Bonfire of the Vanities
Not everyone embraced the new secular values of the Renaissance! Girolamo Savonarola was a fanatical monk who took control of Florence in the later 15th century. He denounced Humanism as blasphemy, and exhorted the citizens of Florence to repent their sins. He sponsored “bonfires of the vanities” where classicizing books and works of art were burned:
“His opponents called Savonarola and his followers ‘Snivellers’ and he grimly disapproved of jokes and frivolity, of poetry and inns, of sex (especially the homosexual variety), of gambling, of fine clothes and jewellery and luxury of every sort. He denounced the works of Boccaccio, nude paintings, pictures of pagan deities and the whole humanistic culture of the Italian Renaissance. He called for laws against vice and laxity. He put an end to the carnivals and festivals the Florentines traditionally enjoyed, substituting religious festivals instead, and employed street urchins as a junior gestapo to sniff out luxurious and suspect items. In the famous ‘bonfire of the vanities’ in 1497 he had gaming tables and packs of cards, carnival masks, mirrors, ornaments, nude statues and supposedly indecent books and pictures burned in the street. The friar also disapproved of profiteering financiers and businessmen.”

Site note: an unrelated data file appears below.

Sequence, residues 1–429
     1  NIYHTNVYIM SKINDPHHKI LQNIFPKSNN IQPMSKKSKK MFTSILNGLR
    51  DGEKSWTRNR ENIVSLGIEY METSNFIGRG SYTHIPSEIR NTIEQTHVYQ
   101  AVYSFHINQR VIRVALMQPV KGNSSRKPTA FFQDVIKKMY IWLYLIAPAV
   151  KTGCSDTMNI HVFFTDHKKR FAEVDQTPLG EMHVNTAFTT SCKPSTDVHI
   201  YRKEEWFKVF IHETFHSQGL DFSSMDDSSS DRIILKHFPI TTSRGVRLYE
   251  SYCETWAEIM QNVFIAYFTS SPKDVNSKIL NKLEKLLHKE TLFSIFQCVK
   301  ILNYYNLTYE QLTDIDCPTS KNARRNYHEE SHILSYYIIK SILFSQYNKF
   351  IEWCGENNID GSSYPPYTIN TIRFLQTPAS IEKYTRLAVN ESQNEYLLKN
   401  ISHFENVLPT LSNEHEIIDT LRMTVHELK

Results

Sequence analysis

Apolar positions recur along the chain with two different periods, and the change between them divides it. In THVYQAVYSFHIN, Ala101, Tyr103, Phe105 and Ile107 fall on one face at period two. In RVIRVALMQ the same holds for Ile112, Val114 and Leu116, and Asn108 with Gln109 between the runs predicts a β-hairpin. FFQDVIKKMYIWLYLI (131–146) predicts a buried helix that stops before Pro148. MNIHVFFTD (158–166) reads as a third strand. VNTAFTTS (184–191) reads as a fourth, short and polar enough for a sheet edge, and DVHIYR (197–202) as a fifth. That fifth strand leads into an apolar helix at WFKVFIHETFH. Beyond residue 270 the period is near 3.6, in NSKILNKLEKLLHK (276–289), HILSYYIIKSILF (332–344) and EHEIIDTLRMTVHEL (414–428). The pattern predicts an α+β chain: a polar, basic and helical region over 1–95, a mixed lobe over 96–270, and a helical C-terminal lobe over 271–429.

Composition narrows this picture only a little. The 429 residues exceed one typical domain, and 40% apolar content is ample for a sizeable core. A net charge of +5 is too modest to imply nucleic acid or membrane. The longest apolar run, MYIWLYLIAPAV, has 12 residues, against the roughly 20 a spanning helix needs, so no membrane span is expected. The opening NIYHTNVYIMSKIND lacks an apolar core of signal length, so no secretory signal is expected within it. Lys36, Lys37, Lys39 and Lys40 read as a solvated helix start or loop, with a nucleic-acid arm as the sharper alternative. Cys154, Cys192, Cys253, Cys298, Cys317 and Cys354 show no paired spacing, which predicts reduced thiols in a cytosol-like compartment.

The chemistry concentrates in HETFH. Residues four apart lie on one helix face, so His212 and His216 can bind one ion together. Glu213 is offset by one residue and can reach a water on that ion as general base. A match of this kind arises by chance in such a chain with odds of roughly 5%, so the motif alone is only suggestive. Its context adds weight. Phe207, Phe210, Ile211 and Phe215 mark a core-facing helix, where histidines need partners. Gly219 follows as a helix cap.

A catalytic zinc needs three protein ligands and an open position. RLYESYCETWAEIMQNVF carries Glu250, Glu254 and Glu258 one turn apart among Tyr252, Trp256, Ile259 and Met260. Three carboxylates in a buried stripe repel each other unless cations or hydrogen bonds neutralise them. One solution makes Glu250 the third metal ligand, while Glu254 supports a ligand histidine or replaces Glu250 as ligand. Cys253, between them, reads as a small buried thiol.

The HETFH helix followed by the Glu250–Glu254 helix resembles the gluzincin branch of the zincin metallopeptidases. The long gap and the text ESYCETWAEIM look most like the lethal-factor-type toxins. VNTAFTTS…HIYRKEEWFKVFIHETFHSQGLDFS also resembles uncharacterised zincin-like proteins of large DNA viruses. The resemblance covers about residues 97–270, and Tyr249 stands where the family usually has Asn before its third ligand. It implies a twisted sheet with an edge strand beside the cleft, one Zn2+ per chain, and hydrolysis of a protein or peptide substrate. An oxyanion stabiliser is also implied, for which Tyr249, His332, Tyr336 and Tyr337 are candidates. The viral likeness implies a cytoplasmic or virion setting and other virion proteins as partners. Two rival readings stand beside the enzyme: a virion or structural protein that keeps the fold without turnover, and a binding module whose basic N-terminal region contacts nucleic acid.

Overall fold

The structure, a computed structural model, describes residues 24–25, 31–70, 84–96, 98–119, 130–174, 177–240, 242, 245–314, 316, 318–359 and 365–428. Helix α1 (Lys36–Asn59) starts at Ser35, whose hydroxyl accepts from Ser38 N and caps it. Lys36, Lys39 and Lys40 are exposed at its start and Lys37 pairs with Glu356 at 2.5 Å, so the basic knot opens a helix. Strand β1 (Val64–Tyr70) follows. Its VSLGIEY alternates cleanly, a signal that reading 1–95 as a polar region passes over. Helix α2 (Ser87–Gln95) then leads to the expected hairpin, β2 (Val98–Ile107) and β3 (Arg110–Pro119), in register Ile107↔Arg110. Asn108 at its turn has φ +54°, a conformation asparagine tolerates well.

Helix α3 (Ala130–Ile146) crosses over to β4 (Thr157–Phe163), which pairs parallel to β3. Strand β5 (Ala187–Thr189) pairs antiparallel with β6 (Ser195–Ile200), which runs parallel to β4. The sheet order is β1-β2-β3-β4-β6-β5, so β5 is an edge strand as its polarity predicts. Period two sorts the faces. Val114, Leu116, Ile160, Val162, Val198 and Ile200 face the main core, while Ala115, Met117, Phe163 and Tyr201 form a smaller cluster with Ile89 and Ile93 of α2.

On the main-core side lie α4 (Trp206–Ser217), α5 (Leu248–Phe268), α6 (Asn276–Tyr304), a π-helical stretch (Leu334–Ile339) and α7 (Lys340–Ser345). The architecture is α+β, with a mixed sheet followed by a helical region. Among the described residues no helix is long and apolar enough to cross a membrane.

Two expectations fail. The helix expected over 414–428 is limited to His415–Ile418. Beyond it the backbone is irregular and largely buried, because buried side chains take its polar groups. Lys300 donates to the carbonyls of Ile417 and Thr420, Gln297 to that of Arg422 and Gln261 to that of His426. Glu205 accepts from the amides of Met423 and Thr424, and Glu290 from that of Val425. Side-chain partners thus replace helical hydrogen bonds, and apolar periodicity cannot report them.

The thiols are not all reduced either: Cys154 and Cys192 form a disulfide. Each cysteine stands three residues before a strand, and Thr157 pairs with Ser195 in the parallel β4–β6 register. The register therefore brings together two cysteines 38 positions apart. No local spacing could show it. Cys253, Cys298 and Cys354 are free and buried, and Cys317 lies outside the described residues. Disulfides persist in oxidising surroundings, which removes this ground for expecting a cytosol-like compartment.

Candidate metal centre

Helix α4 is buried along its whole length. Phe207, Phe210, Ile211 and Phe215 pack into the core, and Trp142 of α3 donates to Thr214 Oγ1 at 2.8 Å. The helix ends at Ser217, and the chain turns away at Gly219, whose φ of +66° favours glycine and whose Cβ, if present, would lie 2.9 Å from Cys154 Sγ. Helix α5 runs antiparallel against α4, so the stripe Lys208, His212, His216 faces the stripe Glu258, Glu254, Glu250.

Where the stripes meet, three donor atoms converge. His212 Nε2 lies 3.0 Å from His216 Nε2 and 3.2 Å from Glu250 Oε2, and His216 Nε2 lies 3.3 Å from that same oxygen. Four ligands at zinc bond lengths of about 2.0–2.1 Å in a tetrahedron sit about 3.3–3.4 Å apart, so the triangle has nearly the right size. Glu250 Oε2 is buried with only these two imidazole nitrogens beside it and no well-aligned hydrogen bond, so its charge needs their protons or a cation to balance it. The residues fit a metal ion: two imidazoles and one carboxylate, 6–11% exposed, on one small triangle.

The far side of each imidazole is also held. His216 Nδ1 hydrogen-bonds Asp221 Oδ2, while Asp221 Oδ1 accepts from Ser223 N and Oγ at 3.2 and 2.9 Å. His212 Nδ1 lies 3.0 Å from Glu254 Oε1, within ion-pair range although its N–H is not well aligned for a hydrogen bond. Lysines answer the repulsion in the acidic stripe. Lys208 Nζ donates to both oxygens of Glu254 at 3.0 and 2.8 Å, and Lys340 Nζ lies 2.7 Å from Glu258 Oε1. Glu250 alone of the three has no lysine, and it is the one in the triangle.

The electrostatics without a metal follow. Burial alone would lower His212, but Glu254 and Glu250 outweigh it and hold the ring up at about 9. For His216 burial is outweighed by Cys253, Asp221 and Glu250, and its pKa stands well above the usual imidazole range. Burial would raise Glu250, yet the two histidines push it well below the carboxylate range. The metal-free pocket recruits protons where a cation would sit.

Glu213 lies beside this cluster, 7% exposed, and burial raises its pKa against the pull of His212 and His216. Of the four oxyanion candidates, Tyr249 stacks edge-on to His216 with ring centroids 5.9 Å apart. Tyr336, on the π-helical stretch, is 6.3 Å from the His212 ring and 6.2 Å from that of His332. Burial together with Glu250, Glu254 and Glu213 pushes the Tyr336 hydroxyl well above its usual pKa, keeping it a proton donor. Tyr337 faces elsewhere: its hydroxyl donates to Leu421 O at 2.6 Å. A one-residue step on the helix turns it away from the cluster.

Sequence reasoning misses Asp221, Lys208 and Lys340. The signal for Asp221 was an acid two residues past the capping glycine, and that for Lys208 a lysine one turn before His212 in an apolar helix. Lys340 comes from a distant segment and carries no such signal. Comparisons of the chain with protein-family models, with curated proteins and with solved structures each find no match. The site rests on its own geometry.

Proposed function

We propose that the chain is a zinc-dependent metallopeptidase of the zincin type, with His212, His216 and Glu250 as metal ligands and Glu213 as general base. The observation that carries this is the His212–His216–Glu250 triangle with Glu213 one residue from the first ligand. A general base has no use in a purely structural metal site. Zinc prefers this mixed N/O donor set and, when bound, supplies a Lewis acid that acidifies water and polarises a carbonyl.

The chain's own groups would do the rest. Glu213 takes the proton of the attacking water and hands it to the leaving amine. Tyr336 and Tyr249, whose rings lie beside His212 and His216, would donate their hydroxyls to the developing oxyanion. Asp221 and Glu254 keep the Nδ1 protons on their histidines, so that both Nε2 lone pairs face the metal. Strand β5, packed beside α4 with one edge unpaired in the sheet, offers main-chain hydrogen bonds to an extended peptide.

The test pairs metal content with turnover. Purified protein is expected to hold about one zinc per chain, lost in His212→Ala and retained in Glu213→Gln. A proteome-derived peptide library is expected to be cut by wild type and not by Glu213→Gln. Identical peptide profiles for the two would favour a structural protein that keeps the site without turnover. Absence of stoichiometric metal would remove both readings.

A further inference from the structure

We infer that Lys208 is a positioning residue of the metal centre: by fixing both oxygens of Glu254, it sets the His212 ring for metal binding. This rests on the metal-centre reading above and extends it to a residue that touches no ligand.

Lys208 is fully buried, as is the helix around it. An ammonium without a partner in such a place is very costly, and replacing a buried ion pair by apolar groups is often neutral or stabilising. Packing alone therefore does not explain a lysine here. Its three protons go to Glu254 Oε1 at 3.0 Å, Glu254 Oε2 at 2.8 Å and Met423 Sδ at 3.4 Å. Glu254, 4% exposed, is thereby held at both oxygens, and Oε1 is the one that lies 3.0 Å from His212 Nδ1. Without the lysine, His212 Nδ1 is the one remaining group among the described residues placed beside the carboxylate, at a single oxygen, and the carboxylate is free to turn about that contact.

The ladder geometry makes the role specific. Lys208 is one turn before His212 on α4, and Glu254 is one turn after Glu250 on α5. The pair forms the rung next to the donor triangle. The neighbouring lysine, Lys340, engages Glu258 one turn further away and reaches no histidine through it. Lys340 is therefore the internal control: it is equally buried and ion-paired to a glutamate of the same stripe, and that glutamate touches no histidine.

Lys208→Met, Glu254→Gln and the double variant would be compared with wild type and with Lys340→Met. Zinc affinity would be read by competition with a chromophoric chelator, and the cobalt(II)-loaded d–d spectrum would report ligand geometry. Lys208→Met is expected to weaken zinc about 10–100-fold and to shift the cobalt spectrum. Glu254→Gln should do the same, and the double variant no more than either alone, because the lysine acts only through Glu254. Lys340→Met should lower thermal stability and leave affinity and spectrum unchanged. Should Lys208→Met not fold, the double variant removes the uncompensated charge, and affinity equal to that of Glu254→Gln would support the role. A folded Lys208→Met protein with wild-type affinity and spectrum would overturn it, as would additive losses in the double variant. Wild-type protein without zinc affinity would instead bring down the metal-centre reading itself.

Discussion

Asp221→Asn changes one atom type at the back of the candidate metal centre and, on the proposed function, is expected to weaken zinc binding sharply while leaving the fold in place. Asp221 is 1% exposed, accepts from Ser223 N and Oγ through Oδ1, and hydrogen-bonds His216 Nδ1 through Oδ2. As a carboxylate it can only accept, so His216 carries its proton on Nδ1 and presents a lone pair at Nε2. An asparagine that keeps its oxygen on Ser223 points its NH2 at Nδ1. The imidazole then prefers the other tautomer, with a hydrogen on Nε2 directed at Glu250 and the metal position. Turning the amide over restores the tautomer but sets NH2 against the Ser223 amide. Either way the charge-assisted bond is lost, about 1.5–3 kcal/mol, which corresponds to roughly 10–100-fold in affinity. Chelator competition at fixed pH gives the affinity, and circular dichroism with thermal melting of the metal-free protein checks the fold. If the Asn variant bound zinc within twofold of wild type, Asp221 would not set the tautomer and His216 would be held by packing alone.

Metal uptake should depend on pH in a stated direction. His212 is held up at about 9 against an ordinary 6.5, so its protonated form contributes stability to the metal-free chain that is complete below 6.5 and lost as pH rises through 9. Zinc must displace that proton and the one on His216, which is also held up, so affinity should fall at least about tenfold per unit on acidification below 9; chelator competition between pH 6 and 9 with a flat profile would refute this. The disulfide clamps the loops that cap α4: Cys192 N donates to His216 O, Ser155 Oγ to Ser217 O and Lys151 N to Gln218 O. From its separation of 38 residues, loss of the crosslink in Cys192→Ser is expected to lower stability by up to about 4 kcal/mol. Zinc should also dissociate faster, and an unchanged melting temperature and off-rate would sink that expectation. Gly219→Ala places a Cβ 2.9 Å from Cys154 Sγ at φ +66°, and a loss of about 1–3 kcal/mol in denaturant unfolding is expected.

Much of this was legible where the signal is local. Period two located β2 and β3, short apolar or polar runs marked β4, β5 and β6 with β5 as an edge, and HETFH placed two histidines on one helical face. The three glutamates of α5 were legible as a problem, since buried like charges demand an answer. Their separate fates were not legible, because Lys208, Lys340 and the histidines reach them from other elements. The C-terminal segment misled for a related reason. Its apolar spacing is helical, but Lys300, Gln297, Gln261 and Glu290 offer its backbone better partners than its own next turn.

Richard Cavendish, “Execution of Florentine Friar Savanarola, History Today, v. 48 Issue 5 May 1998
Savonarola’s backlash against Humanist art caused many artists to seek work elsewhere; his criticisms of the church also got him into trouble with the Pope, and he was burned at the stake for Heresy in 1498!
End of Chapter:
Back to Table of Contents
This work is licensed under a Creative Commons Attribution-NonCommercial 3.0 Unported License.